The Golden State Warriors beat the Minnesota Timberwolves 137-114 on Sunday, ending the home team’s five-game winning streak. Here are three key reaction from the Warriors’ impressive win over Minnesota, just their second road victory of the season.

3 key reactions to Warriors’ impressive road win over Timberwolves

Peak first-quarter Warriors

Minnesota entered this game as the league’s third-best first quarter team, sporting a gaudy +12.1 net rating, per Combined with a noon start in the central time zone and the Warriors’ season-long struggles away from Chase Center, it was easy to envision the defending champions falling behind the Timberwolves early on Sunday.


Golden State didn’t just lead by 20 points after the game’s first 12 minutes, but completely decimated one of basketball’s best defenses, racking up 47 points—the third-most they’ve ever scored in the first quarter—on mind-blowing 75% shooting.

It’s not like the Warriors did all of their extensive damage from deep, either. They had 20 paint points in the first quarter, getting multiple transition layups off Timberwolves makes and routinely exploiting mass defensive attention paid to Curry.

Here’s how Andrew Wiggins opened the game against his former team.

Look how quickly Draymond Green makes these decisions as Minnesota traps Curry on the perimeter with Karl-Anthony Towns, resulting in a pair of easy finishes for JaMychal Green.

Minnesota might be uniquely ill-equipped to defend Golden State as long the ball is humming like it’s been the last couple weeks.

Towns is out of his depth moving his feet on the perimeter, and the Timberwolves left Rudy Gobert in drop coverage even as Curry turned around ball screens, ready to launch. It certainly didn’t help Minnesota that Jaden McDaniels, lengthy perimeter stopper, was sidelined due to injury, affording Austin Rivers a spot start.

Still, no defense in the league could’ve contained what the Warriors did in the first quarter offensively. When they’re playing with pace and precision, living up to ideal tenets of “.5 basketball,” Golden State looks as unstoppable as it ever has during the Curry-Kerr era.

Welcome back, Jonathan Kuminga

The Warriors made another rotation change on Sunday. But unlike most lineup tweaks over the first five weeks of the season, this one was born out of individual success as opposed to all-encompassing second unit struggles.

Jonathan Kuminga played a season-high 12 first-half minutes against Minnesota, finishing the second quarter alongside Curry, Wiggins, Draymond and Klay Thompson. Why? The sophomore forward was all over the floor defensively for Golden State, making multiple efforts as an on-ball and help defender that helped juice its transition attack.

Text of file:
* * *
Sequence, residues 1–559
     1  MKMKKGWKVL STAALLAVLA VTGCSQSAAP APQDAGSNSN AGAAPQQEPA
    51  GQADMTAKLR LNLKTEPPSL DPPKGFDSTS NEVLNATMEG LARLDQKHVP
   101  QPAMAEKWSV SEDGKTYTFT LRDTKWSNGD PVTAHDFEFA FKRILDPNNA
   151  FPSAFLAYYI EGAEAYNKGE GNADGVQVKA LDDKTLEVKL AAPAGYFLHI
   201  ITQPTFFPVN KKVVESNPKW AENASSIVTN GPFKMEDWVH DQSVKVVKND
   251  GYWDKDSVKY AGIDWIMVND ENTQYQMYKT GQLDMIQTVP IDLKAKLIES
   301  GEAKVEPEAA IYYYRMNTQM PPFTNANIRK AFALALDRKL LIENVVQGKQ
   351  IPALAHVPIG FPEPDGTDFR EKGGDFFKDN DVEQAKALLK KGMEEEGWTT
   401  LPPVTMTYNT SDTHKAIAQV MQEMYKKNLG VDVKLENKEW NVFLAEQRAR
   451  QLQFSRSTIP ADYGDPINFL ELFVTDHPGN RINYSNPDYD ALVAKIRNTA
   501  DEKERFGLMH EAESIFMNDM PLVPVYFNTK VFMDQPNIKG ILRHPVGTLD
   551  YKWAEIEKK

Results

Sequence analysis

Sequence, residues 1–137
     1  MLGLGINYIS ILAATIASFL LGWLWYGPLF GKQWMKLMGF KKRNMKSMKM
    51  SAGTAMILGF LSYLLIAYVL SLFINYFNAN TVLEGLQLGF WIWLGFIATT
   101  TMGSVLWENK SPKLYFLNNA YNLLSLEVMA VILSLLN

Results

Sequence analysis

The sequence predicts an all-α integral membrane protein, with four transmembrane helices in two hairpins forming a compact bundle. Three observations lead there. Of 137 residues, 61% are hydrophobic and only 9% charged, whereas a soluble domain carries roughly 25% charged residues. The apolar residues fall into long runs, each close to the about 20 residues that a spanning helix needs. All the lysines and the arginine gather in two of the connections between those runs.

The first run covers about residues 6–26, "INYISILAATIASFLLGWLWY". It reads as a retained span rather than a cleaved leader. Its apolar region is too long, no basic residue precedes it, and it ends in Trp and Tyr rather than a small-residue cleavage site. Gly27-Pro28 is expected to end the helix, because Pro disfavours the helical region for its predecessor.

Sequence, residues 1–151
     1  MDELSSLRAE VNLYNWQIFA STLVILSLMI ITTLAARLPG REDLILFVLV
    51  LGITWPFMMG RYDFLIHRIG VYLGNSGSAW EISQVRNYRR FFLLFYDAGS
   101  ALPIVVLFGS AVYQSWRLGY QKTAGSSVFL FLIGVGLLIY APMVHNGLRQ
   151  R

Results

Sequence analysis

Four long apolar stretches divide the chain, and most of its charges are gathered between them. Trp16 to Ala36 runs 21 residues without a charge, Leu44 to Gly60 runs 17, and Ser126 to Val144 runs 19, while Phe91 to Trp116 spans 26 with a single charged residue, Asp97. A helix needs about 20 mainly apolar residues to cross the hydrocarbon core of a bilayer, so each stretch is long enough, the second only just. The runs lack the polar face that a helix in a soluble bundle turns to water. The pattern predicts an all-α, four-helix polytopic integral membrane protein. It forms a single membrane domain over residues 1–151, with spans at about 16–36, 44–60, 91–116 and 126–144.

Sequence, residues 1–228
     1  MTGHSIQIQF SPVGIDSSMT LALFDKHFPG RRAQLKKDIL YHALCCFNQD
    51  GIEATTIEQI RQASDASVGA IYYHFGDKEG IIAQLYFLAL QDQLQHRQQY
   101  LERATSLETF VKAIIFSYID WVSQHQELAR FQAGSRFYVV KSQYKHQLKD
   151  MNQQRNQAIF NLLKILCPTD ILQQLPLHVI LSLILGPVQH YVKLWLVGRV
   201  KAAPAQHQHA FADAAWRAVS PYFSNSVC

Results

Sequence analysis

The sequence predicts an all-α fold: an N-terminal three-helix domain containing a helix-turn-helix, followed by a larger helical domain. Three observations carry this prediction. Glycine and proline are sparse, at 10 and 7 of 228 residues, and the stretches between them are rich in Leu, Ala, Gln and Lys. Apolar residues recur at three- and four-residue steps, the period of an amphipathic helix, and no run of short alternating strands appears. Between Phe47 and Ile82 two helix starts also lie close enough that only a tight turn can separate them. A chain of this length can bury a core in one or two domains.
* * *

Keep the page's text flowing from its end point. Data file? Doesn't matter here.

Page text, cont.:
Kerr insisted after Friday’s win over the Utah Jazz, when Kuminga went scoreless and didn’t take a single shot in an otherwise encouraging performance, that his offense would come as long as he remained committed and engaged on defense and the glass.

You won’t find a tidier encapsulation of that reality than this sequence from the second quarter.

A more subtle indication of the two-way jolt Kuminga can provide the Warriors came a couple possessions prior.

After switching onto D’Angelo Russell and cutting off his right-handed drive, Kuminga gets fooled by a pump fake. Draymond leaves Gobert to contest Russell’s floater, as Kuminga recovers into the 7’2 Frenchman’s legs to prevent an offensive rebound and get Golden State going the other way.

It doesn’t seem like it at first glance, but the collective work Kuminga and Draymond did on defense paved the way for Jordan Poole’s highlight-reel finish right through the three-time Defensive Player of the Year.

He found success within the flow of Golden State’s offense, too, reading and reacting to the game with simple plays that netted his team a pair of layups.

Kuminga has dreams of being an alpha dog scorer, a role he was never going to play for the Warriors in 2022-23. His underwhelming, inefficient play moonlighting as a primary ball handler at Summer League wasn’t exactly a ringing endorsement of that hopeful future, either.

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There’s a good chance Kuminga never fulfills those personal expectations, but unlike other young forwards with burgeoning ball skills, his physical tools ensure the 20-year-old will always be able to affect the game without sopping up usage and field goal attempts.

Sunday’s game was the most encouraging sign yet that Kuminga has come to terms with that likelihood—for this season, at least.

Hello, second unit 

Golden State stuck with its new second unit for the third straight game. As opposed to their play in wins over the Jazz and LA Clippers, though, success of the Warriors’ bench lineups was marked by much more than not hemorrhaging significant leads until Curry returned to the floor.

This was Kuminga’s best performance of the season by far. Poole looked comfortable from the moment he entered the game, seamlessly mixing his own offense with creating shots for teammates.

Donte DiVincenzo drained four triples and came out of nowhere for a pair of high-flying rebounds. Green held his own when switched onto the perimeter, finishing with power around the rim.

Golden State’s second unit has been stabilized by the addition of Green and Wiggins. The Warriors won’t lose many games as long as that persists and their best players—including Klay Thompson, who put together another efficient shooting night while hitting several timely threes—continue reaching their exalted current levels.

But this team’s championship ceiling depends on impact bench play from multiple reserves, and Golden State finally got it simultaneously in Minneapolis.